Author Topic: Our Cars  (Read 133150 times)

steven mandell

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Re: Our Cars
« Reply #90 on: July 01, 2018, 06:15:50 PM »
Thanks for the simple explanation.  I guess that I should have realized that a simple web search was all that was needed.
The link that Malcolm posted was extremely interesting to me, as it shows the former owner of the Petite and Nobel in apparently good health enjoying his imports at least several years before I flew from LA to West Allis Wisconsin to purchase the vehicles.
Come to think of it, this all came about because in 2009 I was frantically web searching for "Nobel 200 for sale", having fallen in love with the make at a transcontinental outing to Bruce Weiner's museum.  But all i could come up with was a two year old obscure reference from a non Microcar  blog where someone was asking how much an AC Petite and Nobel 200 should sell for.
A bit of detective work and follow up, got me in touch with the author, and low and behold- the question never got answered, and the cars still needed to be sold.   After establishing their price, I mailed along a small good faith deposit based on just a couple of pictures and a description as neither car  had run in years.  Still it was primailly a verbally secured  deal with the daughter of the now deceased owner.
Sometimes you have to trust your gut, and fortunately for me, this time was an example of that.  The daughter was quite honorable and did not take advantage of the fact that I would not have wanted to have waisted the trip, and stuck with the agreed price, drove my girlfriend and I around to see the local sights, and even  put us up in their own house for the stay!
Very friendly locals.
Which made it all the more surprising  to find out  that she went to the same high school as Jeffry Dalmer, the infamous apparently reserved but actual canabilistic mass murderer that they made a film about.  A couple of other mass murders also came from this sleepy town.

All in all an adventurous and very productive trip that started with a desperate search and succeeded as a result of my betting on a good hunch.

Rusty Chrome (Malcolm Parker)

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Re: Our Cars
« Reply #91 on: July 02, 2018, 08:46:33 PM »
I often wonder if there are any Nobels in the US from the 1960's. When it was on show in New York in 1960, they boasted of an order for 3000 cars - which obviously never came to pass, likewise plans for the Satellite Corp of Wiscasset to assemble (and later manufacture) the car in Maine.
Malcolm
Bond Mk D - "The Bond Minicar solves your problem"
Nobel 200 - "Almost as cheap as breathing!"

steven mandell

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Re: Our Cars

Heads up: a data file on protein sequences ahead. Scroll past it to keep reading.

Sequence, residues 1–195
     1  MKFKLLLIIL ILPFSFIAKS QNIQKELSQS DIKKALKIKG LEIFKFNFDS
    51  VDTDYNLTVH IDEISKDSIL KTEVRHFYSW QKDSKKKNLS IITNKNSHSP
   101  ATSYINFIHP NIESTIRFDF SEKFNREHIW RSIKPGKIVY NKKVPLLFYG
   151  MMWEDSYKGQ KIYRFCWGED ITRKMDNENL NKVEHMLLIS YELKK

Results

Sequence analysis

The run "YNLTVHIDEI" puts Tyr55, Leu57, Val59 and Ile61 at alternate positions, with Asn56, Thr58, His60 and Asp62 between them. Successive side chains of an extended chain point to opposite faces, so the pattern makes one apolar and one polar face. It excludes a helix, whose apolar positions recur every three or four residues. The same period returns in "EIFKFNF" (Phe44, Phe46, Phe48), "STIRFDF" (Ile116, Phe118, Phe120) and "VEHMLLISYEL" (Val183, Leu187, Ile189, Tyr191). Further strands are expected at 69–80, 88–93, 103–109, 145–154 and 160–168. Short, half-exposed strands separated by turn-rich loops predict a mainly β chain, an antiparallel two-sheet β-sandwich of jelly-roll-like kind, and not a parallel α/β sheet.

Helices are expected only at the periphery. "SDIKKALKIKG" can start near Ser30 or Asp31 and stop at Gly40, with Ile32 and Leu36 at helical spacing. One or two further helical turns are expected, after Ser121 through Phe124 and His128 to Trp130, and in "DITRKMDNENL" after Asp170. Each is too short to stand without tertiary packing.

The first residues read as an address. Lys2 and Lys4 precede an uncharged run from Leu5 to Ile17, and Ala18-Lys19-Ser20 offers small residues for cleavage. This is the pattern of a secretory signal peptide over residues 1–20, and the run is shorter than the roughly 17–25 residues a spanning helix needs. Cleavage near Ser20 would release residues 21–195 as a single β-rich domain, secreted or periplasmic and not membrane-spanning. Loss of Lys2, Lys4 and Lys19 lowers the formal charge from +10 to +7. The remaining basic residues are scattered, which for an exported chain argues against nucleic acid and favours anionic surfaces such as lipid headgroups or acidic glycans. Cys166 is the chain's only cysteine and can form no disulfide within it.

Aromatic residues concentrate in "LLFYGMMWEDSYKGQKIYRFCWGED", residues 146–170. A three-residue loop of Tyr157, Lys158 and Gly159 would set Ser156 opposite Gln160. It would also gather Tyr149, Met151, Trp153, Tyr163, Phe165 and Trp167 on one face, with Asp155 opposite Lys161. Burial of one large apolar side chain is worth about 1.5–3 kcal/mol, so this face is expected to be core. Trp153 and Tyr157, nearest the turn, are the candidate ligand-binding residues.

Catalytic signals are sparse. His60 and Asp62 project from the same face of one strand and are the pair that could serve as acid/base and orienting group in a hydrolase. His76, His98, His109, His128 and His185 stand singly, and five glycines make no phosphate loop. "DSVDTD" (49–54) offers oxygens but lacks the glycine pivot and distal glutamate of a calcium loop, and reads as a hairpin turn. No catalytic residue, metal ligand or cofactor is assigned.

« Reply #92 on: July 03, 2018, 02:13:27 PM »
Unfortunately, I have not heard of many that have made it to the US in period.

When I visited West Allis in 2009 I was shown a picture of a fully grinning prowd new owner standing in front of an open 20' shipping container that contained the AC Petite, Nobel 200, and a Messerschmitt. At that time the picture looked to be at least a couple of decades old.
The cars were all basically longitudinally oriented, but the tapered ends of the Messerschmitt and Nobel faced each other and the vehicles were both canted and offset from centerline of the container's longitudinal axis- this plus the narrowness of all 3 cars allowed their combined length of approximately 30 feet to be accommodated in the 20 foot container that was shipped from England.
I used a similar strategy a few years later to bring in what turned out to be Nobel 200 parts car, Frisky Family Three, and Trojan 200.
That success emboldened me to hatch my plan to some day find eight Sans Permis vehicles short enough to be fit sideways in a 40 foot container.   After 14 months of frantic searching and emails I realized that dream in 2015.
Now the last load of eight is accommodated in a longitudinal tandem orientation in a  12' x 32' long end section of my barn, and I am about to petition my city to hopefully become allowed to lengthen my barn another 20' to  become enabled to get it to contain the greater percentage of my collection.

Most of the cars are unfinished projects, and I do good work, but very slowly.  As it turns out, I am now finally enjoying the process of coming up with creative solutions for getting everything that is not a vehicle off of the barn floor so I will have greater access and space to enjoy the views of my unusual lots.
Most rewarding solution so far has been my deciding to store a large pile of long unused antique redwood floorboards in the rafters, thus creating storage space for many more lighter wieght items without blocking ambient lighting from the 4O' x 2' long skylight that I created by replacing the rotted sections of corrugated galvanized roofing panels with very hard to find translucent fiberglass roofing panels with identically dimensioned and spaced corrugations.
I still have about 100 of these 3' x4' 40 year old panels that have never seen sun, but we're intended for green house use to find space for.  So I will continue my project of replacing the remaining 5 of 8  solid metal windows with 4 panel thick stacks of them, and then hopefully find a way to tuck the large number of them remaining up inside the perfectly matched corrugated surface of the barn's interior walls at a height that keeps them off the floor so as not to unnecessarily consume more useful interior wall storage.

I'm nearing retirement, but will certainly never have want for things to do.

« Last Edit: July 03, 2018, 02:19:54 PM by steven mandell »